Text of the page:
The revolution in British hockey gained considerable momentum during the 1995–96 season. Not only had the Steelers succeeded in sweeping every major title, they had also been joined by another arena team. The Manchester Storm, who won the First Division championship in convincing style, were capable of attracting crowds which even made those in Sheffield seem insignificant.

An even more notable change was occurring in one of ice hockey’s hotbeds: Durham. The Wasps had been taken over by Sir John Hall who announced the club was to move to a new arena in Newcastle. This led to something of a divorce, Hall gaining custody of the Wasps as a legal entity, a new club, Durham City Wasps, would continue to play at Durham’s ice rink gaining custody of the fans. Hall’s Wasps team played at Sunderland’s ice rink during 1995–96, before making the move to Newcastle Arena at season’s end.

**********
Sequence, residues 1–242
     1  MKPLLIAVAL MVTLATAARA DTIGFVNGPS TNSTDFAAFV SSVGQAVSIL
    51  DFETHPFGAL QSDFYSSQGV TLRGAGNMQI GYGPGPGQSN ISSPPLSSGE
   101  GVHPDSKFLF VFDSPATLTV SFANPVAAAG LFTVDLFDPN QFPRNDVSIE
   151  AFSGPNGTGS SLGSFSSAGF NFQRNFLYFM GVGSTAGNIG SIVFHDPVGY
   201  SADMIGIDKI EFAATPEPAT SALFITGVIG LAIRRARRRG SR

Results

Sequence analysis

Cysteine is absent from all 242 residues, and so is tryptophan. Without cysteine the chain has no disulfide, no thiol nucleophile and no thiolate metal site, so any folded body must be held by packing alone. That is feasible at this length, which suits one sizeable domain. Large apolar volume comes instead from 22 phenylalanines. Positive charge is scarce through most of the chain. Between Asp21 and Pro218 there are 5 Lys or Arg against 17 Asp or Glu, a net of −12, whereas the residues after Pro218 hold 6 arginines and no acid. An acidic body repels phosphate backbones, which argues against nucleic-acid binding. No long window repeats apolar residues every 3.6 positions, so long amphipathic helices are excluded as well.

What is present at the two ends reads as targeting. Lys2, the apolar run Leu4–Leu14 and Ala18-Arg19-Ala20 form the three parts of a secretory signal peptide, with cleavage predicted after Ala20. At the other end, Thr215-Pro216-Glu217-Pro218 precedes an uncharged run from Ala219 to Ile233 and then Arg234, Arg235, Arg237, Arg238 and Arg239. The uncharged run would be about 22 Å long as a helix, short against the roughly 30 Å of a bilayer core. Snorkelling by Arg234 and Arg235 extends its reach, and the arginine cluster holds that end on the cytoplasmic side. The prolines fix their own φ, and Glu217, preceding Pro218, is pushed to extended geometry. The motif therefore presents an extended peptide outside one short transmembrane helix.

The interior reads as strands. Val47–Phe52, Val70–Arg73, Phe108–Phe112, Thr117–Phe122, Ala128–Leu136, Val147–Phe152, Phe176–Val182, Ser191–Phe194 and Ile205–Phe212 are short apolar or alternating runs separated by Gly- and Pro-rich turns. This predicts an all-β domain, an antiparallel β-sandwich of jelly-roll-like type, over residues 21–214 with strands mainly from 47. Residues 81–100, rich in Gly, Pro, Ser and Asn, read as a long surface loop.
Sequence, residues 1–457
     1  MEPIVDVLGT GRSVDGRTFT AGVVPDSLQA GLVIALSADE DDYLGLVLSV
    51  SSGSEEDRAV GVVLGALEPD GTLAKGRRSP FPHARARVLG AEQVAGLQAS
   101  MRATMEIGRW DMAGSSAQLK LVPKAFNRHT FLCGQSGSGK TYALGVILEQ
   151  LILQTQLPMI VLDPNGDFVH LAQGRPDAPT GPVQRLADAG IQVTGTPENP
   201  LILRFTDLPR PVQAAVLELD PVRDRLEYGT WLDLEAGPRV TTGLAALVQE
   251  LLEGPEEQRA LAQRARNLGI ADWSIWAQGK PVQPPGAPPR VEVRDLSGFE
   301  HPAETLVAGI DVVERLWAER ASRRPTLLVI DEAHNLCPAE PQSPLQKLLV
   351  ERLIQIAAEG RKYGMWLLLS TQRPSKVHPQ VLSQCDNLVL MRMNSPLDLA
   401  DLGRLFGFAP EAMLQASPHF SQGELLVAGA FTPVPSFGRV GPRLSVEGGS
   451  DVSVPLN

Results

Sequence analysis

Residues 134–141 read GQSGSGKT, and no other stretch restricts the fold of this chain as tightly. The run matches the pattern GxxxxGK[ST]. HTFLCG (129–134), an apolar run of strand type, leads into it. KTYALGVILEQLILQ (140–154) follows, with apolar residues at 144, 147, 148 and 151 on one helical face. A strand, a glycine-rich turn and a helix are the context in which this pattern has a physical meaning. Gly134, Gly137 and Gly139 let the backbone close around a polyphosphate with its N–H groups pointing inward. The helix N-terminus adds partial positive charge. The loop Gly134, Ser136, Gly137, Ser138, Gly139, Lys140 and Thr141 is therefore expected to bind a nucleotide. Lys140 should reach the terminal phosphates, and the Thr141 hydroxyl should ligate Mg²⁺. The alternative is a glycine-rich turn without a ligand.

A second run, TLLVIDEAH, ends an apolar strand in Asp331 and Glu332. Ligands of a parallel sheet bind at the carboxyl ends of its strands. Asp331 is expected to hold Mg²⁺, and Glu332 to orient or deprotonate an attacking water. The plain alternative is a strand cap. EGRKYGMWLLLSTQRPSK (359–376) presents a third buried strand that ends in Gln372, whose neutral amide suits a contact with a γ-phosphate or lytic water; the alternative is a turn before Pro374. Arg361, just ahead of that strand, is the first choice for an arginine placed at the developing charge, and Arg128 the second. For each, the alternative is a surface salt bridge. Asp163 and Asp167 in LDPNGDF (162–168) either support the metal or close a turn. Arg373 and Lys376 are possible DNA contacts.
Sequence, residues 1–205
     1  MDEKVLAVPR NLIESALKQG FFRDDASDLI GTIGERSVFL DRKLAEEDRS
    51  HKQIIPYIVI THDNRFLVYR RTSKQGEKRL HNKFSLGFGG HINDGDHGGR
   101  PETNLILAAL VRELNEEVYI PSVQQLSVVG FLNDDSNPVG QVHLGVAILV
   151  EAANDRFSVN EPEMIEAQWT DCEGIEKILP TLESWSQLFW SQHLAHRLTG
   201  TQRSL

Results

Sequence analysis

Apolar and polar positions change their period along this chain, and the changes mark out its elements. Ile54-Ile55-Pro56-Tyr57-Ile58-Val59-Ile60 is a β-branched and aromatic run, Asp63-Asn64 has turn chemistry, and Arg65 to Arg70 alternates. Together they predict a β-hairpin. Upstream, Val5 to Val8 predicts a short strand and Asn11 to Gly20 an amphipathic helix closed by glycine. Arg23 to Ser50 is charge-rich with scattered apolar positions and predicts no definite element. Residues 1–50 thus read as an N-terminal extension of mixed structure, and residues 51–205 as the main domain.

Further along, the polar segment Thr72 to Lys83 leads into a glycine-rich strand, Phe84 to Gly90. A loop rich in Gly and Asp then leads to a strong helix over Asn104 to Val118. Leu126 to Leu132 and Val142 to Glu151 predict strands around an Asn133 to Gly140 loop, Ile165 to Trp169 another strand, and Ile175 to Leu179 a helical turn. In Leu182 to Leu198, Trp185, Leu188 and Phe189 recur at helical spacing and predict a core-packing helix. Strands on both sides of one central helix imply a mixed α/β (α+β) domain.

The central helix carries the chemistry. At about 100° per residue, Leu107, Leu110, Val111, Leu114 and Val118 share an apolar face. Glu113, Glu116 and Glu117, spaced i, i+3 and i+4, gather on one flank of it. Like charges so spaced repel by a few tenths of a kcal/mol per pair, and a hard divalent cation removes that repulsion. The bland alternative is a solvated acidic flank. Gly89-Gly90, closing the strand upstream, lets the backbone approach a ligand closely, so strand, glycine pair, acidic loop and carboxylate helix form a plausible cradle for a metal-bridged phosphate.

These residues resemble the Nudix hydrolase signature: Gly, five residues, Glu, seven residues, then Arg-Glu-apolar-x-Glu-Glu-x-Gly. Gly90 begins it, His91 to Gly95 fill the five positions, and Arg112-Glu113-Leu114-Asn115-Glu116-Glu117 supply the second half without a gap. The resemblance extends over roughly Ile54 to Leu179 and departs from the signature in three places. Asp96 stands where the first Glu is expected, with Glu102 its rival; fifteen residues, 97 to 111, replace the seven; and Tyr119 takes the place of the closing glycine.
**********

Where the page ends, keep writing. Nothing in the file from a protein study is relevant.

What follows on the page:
There was now a significant movement within British hockey to radically change its structure. The new clubs saw the Premier Division and the restrictions that came with it as unacceptable and began making plans to sweep it away and create a league of their own. Eventually Super League was announced, consisting of the Basingstoke Bison, Bracknell Bees, Cardiff Devils, Guildford Flames, Manchester Storm, Newcastle Cobras and Sheffield Steelers. The Panthers were initially left out of the line up, their old rink and traditional set up being representative of everything the new league wanted to replace.